Fishballs sound great though!
I used to be petrified of deep fat frying. I've got over it very slowly, no other burn will leave me cursing on quite the same level. I burnt the back of my hand quite badly last week at work, fortunately someone made me stand with my hand in a bowl of ice water for an hour & it near vanished with minimal scarring. Never put the oil down the sink, wait till it cools then pour it into an old jar or bottle & bin it. If you've already put it down the sink follow it with boiling water & washing up liquid. Well done for leaving your comfort zone.
Well you have embraced tho whole adventure having to fry all this.Hope the fear will be gone..in time;))
I keep reading about people and their deep frying phobias. Now I wonder if there is something wrong with me??? I don't deep fry often but I have absolutely no problem with it whatsoever. I don't think I'm reckless either. I would never leave it unattended.
Anyway, back to the recipe – I think this recipe looks brilliant. Who wouldn't love balls of white fish in a tomato sauce? And although I have no fear of deep frying, I might be temped to stick the balls in the oven just to save the faff and waste of the who deep frying thing.
Great recipe. Lovely, random book. Nice that you have tried something new again – love it!
I love deep fried food, especially pakoras, so fortunately for me I have no phobia either. By the way, made some Sea Salt Chocolate Muffins with the choc I won from your Give Away.
Love eating deep-fried food, but not so keen doing it. Well done you!
Sometimes I drain the oil down the sink if it's just a little, but when it's a lot, I let it cool and then put it in a jar or heavy duty plastic bag, and throw away…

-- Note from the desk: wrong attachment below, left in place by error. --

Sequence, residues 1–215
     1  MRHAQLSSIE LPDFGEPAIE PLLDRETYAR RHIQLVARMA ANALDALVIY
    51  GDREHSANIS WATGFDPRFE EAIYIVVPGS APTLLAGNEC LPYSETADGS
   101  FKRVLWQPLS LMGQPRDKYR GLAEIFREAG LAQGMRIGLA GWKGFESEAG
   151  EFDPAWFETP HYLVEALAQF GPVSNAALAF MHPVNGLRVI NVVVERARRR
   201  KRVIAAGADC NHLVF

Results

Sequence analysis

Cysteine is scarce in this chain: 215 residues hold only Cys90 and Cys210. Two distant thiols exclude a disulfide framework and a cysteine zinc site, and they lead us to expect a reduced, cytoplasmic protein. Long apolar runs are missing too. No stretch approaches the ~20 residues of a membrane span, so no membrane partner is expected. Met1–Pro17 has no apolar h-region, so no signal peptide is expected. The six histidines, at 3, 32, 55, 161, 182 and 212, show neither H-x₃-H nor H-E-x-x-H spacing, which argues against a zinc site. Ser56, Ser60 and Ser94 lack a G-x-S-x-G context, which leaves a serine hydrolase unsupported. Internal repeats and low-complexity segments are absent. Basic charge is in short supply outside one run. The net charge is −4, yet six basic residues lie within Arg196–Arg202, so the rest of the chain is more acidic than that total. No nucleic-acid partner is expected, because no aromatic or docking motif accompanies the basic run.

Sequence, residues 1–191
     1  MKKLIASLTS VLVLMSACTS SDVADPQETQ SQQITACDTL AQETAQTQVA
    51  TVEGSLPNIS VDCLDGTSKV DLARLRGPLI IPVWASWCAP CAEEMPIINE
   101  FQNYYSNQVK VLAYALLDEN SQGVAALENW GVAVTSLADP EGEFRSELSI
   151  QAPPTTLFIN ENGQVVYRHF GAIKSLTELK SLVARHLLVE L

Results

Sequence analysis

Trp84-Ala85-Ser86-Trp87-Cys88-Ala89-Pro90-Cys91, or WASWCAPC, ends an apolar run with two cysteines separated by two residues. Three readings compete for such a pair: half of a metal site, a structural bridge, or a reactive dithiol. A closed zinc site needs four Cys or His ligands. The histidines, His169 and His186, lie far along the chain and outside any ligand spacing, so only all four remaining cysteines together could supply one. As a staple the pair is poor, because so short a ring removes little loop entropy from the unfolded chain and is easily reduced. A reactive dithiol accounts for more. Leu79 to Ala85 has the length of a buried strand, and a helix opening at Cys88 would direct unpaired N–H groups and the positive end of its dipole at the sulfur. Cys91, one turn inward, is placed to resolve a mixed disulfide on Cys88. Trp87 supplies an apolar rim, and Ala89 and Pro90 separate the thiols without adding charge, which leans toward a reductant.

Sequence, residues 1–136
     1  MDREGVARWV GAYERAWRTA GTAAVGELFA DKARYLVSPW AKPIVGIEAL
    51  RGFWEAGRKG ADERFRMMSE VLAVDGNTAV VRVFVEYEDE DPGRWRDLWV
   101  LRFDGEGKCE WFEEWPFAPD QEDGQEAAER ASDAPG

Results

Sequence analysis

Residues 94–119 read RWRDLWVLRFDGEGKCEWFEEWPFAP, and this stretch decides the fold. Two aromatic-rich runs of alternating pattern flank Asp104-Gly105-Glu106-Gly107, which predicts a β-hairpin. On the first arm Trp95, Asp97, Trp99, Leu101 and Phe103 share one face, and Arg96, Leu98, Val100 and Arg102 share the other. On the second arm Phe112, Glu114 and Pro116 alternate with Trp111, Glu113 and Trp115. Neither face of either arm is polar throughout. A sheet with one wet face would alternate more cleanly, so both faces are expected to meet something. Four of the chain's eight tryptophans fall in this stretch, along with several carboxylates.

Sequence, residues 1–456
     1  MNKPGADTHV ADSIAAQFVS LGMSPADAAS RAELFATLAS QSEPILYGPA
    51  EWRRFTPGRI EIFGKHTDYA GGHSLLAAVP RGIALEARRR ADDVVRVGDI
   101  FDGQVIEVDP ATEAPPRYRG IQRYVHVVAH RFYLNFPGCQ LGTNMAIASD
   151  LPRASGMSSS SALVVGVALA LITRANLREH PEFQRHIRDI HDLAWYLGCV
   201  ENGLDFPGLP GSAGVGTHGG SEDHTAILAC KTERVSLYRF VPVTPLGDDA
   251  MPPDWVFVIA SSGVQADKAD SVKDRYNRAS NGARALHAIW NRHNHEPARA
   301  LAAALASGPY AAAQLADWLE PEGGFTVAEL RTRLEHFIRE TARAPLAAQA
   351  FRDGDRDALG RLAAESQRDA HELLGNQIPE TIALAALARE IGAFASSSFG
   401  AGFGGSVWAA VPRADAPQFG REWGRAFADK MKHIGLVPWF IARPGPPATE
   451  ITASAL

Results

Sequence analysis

These sound so good. Many years ago I had a deep-fat fryer that worked really well but I've never replaced it for fear of getting fat (well, fatter) rather than a fear of frying. Doesn't stop me craving these balls, though.
I share your fear of deep frying – my mum occasionally did it but I know someone who burnt down a kitchen making chips – but not only does it feel dangerous – it also seems wasteful to throw out all that oil!
I'm really impressed – deep frying is really scary!!!!
Bet they were totally delicious.
Well! So impressed that you did it … ulled up the big girl pants and conquered the frying fear! As for the fish balls, they do sound wonderful – this from a fried food freak. Love them swimmingin that tomato sauce!
As for the oil … I let mine cool in the fryer, scopp any bits out with a slotted spoon, tuen the oil back on and fry a large thin slice of potato, ditch that, cool the oil again, and pour all but the small amount that has any 'sludge' in it back into the bottle I bought it in, and store it in a cool place until the next time I fry (but no longer than a couple months). Then the oil gets taken to the recycling center and some guy uses it for his car (yes! really!).